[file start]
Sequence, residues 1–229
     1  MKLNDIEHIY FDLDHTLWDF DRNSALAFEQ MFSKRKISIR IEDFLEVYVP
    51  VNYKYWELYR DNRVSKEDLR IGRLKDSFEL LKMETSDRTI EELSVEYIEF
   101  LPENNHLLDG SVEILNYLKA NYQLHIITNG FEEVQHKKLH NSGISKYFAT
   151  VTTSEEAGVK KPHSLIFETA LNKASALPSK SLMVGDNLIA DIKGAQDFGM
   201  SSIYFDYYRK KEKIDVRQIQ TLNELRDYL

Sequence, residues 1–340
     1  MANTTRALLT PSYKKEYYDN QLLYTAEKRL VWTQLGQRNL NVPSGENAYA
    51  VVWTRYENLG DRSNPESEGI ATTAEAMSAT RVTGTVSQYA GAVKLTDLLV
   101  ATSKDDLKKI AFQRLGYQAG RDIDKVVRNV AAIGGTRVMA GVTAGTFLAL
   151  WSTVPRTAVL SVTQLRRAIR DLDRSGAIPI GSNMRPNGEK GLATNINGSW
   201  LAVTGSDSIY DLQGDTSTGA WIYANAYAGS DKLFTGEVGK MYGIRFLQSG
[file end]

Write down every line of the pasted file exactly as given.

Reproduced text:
Sequence, residues 1–229
     1  MKLNDIEHIY FDLDHTLWDF DRNSALAFEQ MFSKRKISIR IEDFLEVYVP
    51  VNYKYWELYR DNRVSKEDLR IGRLKDSFEL LKMETSDRTI EELSVEYIEF
   101  LPENNHLLDG SVEILNYLKA NYQLHIITNG FEEVQHKKLH NSGISKYFAT
   151  VTTSEEAGVK KPHSLIFETA LNKASALPSK SLMVGDNLIA DIKGAQDFGM
   201  SSIYFDYYRK KEKIDVRQIQ TLNELRDYL

Sequence, residues 1–340
     1  MANTTRALLT PSYKKEYYDN QLLYTAEKRL VWTQLGQRNL NVPSGENAYA
    51  VVWTRYENLG DRSNPESEGI ATTAEAMSAT RVTGTVSQYA GAVKLTDLLV
   101  ATSKDDLKKI AFQRLGYQAG RDIDKVVRNV AAIGGTRVMA GVTAGTFLAL
   151  WSTVPRTAVL SVTQLRRAIR DLDRSGAIPI GSNMRPNGEK GLATNINGSW
   201  LAVTGSDSIY DLQGDTSTGA WIYANAYAGS DKLFTGEVGK MYGIRFLQSG